“If it’s a war the anarchists want, then damn it, it will start here.”
-- Jim Gilchrist, founder of the Minutemen Project, quoted in the Sacramento Bee, 10/30/05, in reference to the anti-minutemen demo at the capitol building.
There’s a fire going on. It’s destroying your home, your land. You want to stay and fight it, but you’re suffocating, you need fresh air. You try to leave, but the doors are locked, bolted shut. There’s a long line of other people waiting to get out too. You start waiting, but realize you’ll never get there. Some people are breaking windows, jumping through; some make it, others die on the way out. There are men with guns waiting outside the windows, another obstacle. You make it out, past the gunmen, falling into another house, through another window. You are welcome here, as long as you don’t talk, just cook and clean. Some people want you to leave, to jump back into the fire. Others want to help you, but they don’t know how. They try talking to the landlords. They try fighting the people who want to kick you out. They try building another house within the house. You appreciate the help, but you’re not sure who to trust, not sure what you want. Do you want to stay here, or go back home? The ground is familiar, but the house is different. The fires here are different, much slower then at home. But they are starting up again. In this house? Even here, you start smelling gasoline again. This time you see it coming, joining with others like you to call “FIRE” before it hits. Some people notice. The gasoline covers too much and splashes on some others; they’re angry as well. People are saying that you started the fire, that we need more doors and locks, fewer windows, in order to stop more firebrands like you from entering. You know this is a lie. Now you’re caught between fires, between doors, desiring the one thing that no-one is willing to do: to stop these fucking fires. But you can’t seem to find who started them. Everyone has a different answer.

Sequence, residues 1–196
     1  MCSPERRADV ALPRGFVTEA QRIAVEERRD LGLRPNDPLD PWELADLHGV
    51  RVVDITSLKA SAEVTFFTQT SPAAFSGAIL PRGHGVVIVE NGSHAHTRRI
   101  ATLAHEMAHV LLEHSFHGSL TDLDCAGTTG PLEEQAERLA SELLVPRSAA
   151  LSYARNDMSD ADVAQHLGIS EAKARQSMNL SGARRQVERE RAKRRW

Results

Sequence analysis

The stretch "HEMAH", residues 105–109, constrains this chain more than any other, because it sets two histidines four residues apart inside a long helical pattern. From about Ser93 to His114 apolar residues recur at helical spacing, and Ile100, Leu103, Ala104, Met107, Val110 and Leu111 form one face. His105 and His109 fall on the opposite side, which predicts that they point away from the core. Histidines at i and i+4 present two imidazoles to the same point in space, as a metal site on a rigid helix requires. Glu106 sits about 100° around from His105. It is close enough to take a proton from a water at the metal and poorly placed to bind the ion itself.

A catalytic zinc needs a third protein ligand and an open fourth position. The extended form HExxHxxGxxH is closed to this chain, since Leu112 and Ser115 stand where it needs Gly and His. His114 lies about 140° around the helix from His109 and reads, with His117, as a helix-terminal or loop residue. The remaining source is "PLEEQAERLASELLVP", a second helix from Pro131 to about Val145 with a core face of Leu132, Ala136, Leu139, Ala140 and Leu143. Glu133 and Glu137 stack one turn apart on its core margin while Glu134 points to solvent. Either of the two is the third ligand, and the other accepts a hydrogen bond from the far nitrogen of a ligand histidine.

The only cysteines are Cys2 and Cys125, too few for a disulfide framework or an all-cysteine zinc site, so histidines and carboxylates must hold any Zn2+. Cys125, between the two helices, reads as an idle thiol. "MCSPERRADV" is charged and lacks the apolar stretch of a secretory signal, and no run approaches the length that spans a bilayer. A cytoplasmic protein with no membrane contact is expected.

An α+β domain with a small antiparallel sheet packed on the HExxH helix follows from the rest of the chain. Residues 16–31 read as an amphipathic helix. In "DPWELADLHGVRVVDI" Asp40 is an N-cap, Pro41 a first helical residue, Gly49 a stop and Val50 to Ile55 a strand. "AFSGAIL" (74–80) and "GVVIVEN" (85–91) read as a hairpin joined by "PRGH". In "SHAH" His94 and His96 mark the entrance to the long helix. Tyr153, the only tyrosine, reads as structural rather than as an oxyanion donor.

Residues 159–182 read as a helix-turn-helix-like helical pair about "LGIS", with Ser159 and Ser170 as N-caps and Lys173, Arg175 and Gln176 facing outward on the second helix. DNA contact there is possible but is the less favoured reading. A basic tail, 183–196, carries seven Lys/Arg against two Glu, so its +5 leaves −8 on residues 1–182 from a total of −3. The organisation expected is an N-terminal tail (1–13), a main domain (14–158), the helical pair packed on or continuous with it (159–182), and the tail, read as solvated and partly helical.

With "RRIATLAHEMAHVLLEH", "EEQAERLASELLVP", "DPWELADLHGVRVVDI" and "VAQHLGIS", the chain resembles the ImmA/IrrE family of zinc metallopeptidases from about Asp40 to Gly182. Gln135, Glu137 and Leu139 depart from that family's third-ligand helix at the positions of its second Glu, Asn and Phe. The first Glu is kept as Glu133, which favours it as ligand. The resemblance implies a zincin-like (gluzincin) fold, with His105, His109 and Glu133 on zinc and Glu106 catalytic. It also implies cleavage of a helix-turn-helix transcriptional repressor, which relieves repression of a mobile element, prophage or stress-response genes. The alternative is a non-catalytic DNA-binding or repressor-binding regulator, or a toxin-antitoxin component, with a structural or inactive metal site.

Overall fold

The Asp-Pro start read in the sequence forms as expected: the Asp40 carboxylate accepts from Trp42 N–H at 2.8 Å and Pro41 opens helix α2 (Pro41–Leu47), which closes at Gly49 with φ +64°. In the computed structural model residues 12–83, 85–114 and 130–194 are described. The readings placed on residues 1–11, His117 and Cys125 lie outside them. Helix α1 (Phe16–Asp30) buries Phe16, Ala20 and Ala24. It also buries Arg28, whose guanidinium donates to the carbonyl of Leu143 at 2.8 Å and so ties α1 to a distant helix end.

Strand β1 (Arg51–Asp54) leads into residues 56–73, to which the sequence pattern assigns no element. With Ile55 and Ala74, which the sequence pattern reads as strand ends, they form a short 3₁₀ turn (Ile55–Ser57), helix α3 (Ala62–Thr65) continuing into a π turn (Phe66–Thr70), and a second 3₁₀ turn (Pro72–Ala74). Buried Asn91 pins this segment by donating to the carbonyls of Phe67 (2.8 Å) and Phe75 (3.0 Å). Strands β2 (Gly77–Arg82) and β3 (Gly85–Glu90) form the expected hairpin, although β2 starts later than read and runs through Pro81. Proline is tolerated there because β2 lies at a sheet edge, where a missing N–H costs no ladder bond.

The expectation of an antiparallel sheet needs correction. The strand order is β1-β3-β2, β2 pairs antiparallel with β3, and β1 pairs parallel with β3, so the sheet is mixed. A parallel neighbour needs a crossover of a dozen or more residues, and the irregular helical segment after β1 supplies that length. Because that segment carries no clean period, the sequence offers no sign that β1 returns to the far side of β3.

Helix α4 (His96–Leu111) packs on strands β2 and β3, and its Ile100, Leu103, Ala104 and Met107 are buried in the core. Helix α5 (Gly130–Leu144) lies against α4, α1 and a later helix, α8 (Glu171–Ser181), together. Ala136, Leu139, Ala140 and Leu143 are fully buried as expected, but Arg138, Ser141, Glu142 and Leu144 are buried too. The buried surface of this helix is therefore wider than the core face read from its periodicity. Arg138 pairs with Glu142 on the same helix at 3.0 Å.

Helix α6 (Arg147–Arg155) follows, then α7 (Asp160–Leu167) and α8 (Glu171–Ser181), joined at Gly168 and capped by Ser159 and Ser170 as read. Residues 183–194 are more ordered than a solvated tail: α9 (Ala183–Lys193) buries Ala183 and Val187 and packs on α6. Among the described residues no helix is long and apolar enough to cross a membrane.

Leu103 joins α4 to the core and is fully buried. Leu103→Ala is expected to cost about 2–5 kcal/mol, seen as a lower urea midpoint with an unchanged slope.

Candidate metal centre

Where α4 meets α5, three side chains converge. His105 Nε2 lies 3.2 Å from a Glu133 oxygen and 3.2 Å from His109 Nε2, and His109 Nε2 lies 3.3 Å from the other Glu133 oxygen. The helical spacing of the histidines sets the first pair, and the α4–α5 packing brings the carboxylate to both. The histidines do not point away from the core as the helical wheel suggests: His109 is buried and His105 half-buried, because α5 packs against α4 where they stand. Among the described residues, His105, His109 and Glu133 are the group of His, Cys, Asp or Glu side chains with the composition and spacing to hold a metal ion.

Mar 4, 2015